Matt, To me there are two primary areas where we do not yet really seem to understand the problem, and deliver a good solution. 1). Creating an accurate probabilistic view of reality from multiple sensors. We do not yet have a good architecture for that in MatrixPilot. It will become more important over time. In detail today, we want altitude delivered from GPS, Barometer and Sonar. How best to form a picture of reality from those ? At the other end of difficulty: we do not yet integrate vision into the IMU's view of orientation, and we do not integrate vision into location. I look forward to one day having the time tofinish this course by Sebastian Thrun on the driver less car.<https://www.udacity.com/course/cs373> 2) I would like to see a unified model for navigation and flight using an understanding of the forces that can be manipulated on an aircraft. Such a model will fly a Quadrocopter or an aeroplane just as well, because it is based on Force = Mass * Acceleration (and the equivalent for rotation), and understands the flight dynamics of the aircraft. I am excited by your work on your branch of MatrixPilot because you have started down that route for sailplanes. (You now incorporate Coefficient of Lift, and Coefficient of Drag into your navigation and flight algorithms). In truth, the one model, could potentially work for many types of aircraft. Our autopilot could then fly an aircraft that was both a plane and a quad in one structure, with relative ease. The core problem in this second model is the mathematical representation. At any one time, the navigation of the plane needs to describe all the sets of solutions (potentially infinite sets) initially, and then apply constraints (e.g. fly upside down, do not exceed max velocity, do not exceed minimum velocity, arrive at waypoint at time T, do not roll more than 30 degrees), to reduce the infinite set of solutions to a smaller set. And then finally incorporate a cost model (e.g. fly with the least energy loss), to come up with the optimum navigation solution. So for me, I'm interested in the mathematical model of how all of that can be represented. Crack the maths, and software will fly the plane without lots of special caveats and a spaghetti of different code paths, which is how we do it today.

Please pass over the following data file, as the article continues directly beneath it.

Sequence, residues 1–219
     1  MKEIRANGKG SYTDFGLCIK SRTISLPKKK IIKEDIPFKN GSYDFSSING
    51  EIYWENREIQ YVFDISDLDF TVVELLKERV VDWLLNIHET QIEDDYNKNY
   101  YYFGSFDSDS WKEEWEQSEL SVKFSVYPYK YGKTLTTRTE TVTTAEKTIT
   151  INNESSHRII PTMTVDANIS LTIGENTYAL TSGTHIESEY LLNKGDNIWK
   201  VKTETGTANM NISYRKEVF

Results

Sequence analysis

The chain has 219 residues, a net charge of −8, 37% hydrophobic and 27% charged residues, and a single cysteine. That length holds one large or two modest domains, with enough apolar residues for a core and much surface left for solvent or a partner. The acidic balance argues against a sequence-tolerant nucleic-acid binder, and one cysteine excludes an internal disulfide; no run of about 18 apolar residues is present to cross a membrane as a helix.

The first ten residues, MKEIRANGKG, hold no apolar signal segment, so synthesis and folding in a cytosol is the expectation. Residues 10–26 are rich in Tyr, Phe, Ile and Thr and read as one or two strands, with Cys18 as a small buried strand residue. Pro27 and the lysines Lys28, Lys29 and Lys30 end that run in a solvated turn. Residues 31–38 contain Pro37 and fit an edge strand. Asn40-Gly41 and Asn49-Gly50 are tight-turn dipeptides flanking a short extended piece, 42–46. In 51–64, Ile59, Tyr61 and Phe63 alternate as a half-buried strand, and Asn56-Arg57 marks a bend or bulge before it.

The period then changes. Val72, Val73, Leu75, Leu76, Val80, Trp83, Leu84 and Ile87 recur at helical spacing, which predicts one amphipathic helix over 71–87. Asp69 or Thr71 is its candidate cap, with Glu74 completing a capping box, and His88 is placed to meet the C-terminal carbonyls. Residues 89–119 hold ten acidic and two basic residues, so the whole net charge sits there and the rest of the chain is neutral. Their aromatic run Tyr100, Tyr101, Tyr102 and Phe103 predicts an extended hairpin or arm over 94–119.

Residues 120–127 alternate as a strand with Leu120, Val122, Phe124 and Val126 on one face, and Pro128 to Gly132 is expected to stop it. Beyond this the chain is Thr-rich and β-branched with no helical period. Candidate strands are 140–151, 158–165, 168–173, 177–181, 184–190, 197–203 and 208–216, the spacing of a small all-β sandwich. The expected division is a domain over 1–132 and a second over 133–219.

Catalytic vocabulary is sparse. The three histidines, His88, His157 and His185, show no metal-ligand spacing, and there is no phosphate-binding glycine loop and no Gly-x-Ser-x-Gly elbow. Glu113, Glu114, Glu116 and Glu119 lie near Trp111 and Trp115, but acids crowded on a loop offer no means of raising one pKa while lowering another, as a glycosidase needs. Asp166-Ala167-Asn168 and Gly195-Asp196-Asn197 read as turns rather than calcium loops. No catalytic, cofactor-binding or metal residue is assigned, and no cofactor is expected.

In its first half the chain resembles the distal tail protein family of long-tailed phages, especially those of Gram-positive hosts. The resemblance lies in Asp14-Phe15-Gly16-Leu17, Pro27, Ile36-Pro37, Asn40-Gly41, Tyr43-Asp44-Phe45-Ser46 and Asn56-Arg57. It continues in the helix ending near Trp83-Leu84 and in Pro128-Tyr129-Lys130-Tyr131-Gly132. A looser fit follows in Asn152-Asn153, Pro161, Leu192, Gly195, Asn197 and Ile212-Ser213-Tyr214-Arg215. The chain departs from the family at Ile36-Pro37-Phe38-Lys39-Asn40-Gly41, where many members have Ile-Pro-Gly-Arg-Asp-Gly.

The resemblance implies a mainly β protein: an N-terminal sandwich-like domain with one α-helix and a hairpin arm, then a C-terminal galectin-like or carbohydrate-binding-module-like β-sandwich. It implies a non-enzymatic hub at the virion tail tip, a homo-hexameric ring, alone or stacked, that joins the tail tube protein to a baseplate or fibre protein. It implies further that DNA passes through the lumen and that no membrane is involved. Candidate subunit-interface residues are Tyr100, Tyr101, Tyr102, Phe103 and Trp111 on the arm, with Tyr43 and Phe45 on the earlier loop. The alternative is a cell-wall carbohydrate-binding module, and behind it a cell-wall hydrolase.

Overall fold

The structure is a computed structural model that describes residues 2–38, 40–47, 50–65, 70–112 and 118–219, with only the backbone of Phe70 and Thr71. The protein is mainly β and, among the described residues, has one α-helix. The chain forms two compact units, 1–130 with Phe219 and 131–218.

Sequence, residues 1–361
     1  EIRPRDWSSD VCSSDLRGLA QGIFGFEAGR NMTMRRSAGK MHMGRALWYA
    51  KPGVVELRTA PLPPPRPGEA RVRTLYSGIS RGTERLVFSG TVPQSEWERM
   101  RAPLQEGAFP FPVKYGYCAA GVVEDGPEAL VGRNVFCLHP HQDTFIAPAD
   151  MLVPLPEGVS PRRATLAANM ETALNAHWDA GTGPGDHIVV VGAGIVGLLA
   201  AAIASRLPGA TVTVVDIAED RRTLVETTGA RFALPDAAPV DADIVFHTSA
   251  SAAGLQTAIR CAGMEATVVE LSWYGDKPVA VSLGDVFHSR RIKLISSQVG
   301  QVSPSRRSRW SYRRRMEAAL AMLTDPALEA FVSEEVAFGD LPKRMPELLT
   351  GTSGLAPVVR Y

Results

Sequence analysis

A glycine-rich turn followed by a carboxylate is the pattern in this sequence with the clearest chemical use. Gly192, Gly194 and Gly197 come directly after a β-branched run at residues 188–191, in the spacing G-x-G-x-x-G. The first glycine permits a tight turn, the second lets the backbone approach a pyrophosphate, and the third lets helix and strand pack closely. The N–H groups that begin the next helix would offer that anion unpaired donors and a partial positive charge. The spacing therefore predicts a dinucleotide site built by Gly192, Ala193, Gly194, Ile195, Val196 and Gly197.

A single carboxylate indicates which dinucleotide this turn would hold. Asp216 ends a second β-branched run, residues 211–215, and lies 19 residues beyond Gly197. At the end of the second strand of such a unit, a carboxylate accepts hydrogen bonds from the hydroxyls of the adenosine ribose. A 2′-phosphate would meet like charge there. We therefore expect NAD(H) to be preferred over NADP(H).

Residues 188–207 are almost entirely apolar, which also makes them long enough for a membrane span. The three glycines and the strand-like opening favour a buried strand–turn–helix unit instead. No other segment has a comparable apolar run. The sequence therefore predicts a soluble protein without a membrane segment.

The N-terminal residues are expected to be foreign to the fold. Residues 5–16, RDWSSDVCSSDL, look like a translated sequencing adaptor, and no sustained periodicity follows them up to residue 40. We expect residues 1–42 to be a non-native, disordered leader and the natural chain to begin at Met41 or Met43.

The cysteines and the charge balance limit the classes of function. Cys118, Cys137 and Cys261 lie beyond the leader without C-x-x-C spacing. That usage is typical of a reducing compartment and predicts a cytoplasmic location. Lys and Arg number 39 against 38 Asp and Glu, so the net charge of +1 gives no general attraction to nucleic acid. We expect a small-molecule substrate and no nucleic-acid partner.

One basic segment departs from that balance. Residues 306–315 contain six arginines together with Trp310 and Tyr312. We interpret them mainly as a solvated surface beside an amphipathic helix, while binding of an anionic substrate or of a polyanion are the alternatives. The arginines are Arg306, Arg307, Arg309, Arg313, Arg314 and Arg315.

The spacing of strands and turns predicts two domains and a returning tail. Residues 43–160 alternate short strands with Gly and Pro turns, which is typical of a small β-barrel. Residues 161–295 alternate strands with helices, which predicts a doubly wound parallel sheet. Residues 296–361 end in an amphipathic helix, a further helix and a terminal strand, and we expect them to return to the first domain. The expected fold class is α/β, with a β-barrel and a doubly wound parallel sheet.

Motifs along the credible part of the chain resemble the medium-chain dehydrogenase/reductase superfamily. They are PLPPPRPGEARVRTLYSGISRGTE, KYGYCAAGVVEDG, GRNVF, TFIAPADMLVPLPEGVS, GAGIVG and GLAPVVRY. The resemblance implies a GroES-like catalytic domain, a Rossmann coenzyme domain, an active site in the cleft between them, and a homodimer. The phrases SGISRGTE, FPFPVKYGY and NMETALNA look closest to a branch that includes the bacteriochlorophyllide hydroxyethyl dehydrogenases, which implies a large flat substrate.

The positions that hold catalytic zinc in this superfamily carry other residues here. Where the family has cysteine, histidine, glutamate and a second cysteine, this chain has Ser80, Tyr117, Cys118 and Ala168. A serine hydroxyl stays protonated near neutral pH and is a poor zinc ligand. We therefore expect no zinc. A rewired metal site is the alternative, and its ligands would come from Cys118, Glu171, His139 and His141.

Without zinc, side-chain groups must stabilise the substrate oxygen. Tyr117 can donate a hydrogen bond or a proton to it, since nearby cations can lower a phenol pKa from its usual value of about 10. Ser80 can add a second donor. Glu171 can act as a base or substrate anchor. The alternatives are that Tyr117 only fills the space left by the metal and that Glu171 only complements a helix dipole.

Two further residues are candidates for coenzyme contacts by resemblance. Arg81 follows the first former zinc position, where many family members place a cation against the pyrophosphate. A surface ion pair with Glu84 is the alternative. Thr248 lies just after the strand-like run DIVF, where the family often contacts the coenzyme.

API for UDB Edit
Would it be beneficial to have a high level, logical API for the UDB? The idea would be to expose the internal IMU data, representing the state of the flight vehicle, while hiding the implementation details. This would allow for future UDB implementation changes without impacting integration with external systems. Perhaps a first implementation could be a read only API, allowing external systems to use the data but not change it? So we'd have logical functions like 'getAltitude()', 'getRateOfClimb()', etc. This would also make it easier for new developers to use/integrate the UDB without having to understand the internal details. Sorry if this is a crazy idea, but coming from a high level s/w background, this seem kind of natural to support integration.
Ardu udb comparison Edit
FWIW, I am planning on getting back to VTOL work in a month, so that probably slots in at number 5 on the second list. And an anecdote... I just hosted Moses for a month (the young man from Kenya that started the java GUI for UDB config) and we both still agree that we prefer UDB over ardupilot. But he went back with ArduPilot gear with two Nurfs so he could do a demo for a wildlife conservation project. I am looking at the list and trying to see if there is anything that stands out as to why we went with ardupilot for the demo.... Really about reducing our risk as we needed something fairly plug and play with decent GCS integration. The Mission Planner with config via USB and zig bee, plus support for an Android GCS were probably the biggest factors. It takes some time when you start trying to integrate a payload and actually architect a system that can be used in the field by non experts. We have no doubt the fantastic work that Bill and all devs are doing flies the plane better, it just seems harder to get there from here at this point. I had hoped that we could find the time while Moses was here to start working on the operational end of the UDB but we did not. All I can do at this point is provide feedback and hope its considered in your roadmap.
Range, q16/long Edit
Another example: While coding up the fbw branch, I was continuously struggling against data range problems. Scaling variable up and down was a huge effort sponge and a potential source of failure. The solution was a combination of Q16/long and 16bit floats. This made the code development much faster. There are significant down sides which means that this is not the best solution. I suspect I know the right solution but maybe I am trying to solve the wrong problem. Regards Matt